With this assignment, I want to get everyone on track. I want to be able to congratulate everyone on having built their own compiler at the end of semester! Note that this assignment needs to be done quickly so we can work on the final code generator phase assignments. Lots of code is provided so you need to just fold in the code and adapt it to your grammar and token names. The objective is to make all errors and warnings have the same format and have syntax errors not stop the syntax analysis phase.

There are several parts to this assignment.

  • Nice yyerror and error count
  • Insert the error tokens into your grammar
  • Insert the yyerrok macros into your grammar

    Nicer Errors

    yyerror catches all the message that come back from the parser. Here are some examples of syntax error messages that might come into yyerror from the parser if YYERROR_VERBOSE is set:

    syntax error, unexpected '+'
    syntax error, unexpected ELSE
    syntax error, unexpected '=', expecting '('
    syntax error, unexpected '=', expecting WHILE
    syntax error, unexpected ID, expecting '(' 
    syntax error, unexpected ID, expecting WHILE
    syntax error, unexpected '+', expecting ',' or ';'
    syntax error, unexpected '/', expecting BOOL or INT or VOID 
    syntax error, unexpected ID, expecting $end or BOOL or INT or VOID 

    We will put in a line number, format the message like in the semantic analysis section, and add some extra info when appropriate. Below is the code that will translate these messages. Use this code or improve on it if you want as long as it doesn't effect the output. Note that the code assumes my names for the tokens. You will need to adjust this for your token names!!

    yyerror.cpp, yyerror.h is code you can use to print out your messages so they conform to a standard style. It is free code! To integrate this code you must read and understand yyerror.h. Yes, I mean it. Your variables may have different names. NOTE: this software includes a tiny sort routine that sorts the expecting tokens to print out a message that can be compared despite the order in which you declare the tokens in your .y file.

    • line is the line number where the parser is working at the time of the error.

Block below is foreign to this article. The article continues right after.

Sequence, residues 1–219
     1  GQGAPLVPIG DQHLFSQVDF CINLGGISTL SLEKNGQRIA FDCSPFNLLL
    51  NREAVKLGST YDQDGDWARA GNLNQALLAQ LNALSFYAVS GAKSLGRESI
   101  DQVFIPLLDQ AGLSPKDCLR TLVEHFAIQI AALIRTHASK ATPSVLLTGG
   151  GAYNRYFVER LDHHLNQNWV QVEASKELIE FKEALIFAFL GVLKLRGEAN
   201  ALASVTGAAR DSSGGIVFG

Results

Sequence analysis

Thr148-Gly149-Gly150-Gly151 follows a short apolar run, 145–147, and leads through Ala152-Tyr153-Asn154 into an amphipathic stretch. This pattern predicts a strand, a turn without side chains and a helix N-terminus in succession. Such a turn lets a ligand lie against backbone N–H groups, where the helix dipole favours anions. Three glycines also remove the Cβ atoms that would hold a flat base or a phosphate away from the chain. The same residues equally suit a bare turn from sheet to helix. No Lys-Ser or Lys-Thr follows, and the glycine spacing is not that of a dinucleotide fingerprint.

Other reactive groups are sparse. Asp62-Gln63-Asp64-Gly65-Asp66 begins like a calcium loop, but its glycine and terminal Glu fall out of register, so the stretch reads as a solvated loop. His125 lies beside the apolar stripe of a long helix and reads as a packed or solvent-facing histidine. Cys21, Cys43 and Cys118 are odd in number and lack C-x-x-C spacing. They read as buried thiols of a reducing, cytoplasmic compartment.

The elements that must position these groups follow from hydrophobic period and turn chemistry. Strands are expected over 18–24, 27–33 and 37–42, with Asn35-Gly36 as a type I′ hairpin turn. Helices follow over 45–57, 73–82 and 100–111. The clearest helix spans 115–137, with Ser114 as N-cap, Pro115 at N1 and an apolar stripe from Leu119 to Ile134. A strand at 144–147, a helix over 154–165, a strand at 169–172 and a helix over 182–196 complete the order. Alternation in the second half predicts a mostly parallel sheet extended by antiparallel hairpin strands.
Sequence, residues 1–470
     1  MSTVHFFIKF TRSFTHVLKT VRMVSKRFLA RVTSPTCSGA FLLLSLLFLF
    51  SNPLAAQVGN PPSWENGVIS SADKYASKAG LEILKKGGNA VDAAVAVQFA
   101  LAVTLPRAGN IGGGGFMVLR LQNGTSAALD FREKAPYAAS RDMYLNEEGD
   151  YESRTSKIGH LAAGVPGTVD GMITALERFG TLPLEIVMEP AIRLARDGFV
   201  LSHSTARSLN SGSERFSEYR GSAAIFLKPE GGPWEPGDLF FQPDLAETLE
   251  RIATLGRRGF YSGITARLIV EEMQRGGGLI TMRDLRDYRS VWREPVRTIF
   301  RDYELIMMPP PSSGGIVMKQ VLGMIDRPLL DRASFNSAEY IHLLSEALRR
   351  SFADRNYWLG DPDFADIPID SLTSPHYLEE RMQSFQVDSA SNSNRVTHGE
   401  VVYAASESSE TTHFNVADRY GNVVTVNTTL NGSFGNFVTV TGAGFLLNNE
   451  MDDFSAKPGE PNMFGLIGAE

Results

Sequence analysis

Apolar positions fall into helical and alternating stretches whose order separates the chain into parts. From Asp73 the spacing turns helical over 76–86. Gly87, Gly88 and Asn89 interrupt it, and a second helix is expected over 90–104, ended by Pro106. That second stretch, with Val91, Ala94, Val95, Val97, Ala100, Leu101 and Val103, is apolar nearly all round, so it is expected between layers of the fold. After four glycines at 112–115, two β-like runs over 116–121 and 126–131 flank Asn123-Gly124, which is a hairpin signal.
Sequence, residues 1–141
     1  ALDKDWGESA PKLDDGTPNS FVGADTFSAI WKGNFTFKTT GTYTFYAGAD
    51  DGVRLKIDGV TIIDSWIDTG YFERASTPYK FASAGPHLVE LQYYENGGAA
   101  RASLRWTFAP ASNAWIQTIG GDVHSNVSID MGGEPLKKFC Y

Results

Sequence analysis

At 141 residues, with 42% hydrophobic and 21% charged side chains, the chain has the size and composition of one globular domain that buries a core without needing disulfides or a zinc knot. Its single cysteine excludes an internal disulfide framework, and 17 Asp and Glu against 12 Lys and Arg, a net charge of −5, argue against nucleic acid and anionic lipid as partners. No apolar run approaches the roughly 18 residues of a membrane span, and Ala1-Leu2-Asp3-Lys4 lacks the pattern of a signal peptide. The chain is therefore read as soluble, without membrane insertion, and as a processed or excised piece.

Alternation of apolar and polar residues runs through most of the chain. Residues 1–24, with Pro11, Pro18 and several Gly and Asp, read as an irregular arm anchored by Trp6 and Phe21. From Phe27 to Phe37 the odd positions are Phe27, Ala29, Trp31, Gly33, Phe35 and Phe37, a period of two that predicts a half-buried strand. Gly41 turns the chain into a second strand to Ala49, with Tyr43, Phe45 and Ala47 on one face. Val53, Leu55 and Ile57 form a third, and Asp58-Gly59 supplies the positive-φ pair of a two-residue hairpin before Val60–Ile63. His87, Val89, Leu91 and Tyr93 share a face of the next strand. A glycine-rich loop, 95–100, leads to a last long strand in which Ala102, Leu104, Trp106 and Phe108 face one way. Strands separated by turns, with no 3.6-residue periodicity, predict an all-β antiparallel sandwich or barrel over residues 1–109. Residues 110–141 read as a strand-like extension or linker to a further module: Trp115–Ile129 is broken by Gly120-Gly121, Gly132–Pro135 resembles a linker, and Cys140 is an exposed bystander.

• msg is the extended error message that comes from Bison when the YYERROR_VERBOSE macro is set as in using:
      #define YYERROR_VERBOSE
      Use this definition in your code.
    • This code makes the brash assumption that yytext is relevant for constants.

    Error Count

    There will be two global variables counting the number of errors and number of warnings. Warnings will not stop the successful compilation of the program. Keep count of both kinds and report at the end of the compile exactly in the order and format as in this example:

    Number of warnings: 0
    Number of errors: 666

    I will explain shortly where you get errors and warnings and what happens as a result.

    Other Modifications by Phase of the Compiler

    Our compiler now was three phases: lexical analysis, syntax analysis, and semantic analysis. Each phase can produce its own errors. Here is the description of what you need to do:

    • Lexical analysis: In this phase each input character that is not part of a legal token is reported as a warning and the character ignored. That is yylex does not return a token for these "bad characters" and the lexical analysis continues to run. Example warning:
      "WARNING(%d): Invalid or misplaced input character: \"%c\". Character Ignored.\n"
      These errors will increase the global warning count.

      This works easiest in the flex file. Finally do NOT return a token. This way no token is passed back.